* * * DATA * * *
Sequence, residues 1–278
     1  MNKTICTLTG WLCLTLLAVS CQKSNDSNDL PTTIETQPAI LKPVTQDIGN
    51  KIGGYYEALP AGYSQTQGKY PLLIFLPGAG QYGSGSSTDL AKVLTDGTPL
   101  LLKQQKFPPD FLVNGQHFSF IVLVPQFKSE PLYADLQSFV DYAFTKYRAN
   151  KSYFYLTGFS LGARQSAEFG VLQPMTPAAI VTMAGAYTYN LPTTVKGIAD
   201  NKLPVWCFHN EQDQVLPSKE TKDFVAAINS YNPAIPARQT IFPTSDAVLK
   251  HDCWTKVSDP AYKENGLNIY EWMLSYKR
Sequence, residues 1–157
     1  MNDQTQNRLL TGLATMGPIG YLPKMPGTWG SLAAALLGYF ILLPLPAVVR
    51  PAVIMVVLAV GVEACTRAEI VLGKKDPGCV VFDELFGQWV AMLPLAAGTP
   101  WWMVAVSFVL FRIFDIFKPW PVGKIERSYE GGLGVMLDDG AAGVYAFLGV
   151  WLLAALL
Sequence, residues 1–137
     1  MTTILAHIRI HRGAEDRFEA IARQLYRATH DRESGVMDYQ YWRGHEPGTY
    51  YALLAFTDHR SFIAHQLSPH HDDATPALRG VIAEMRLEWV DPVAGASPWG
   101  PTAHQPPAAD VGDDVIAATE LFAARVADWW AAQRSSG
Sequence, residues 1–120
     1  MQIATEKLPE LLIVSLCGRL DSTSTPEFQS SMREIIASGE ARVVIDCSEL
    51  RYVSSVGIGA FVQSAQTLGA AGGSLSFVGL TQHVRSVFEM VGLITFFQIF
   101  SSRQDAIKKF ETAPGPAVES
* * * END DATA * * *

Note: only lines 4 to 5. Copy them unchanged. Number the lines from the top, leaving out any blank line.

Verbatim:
   101  LLKQQKFPPD FLVNGQHFSF IVLVPQFKSE PLYADLQSFV DYAFTKYRAN
   151  KSYFYLTGFS LGARQSAEFG VLQPMTPAAI VTMAGAYTYN LPTTVKGIAD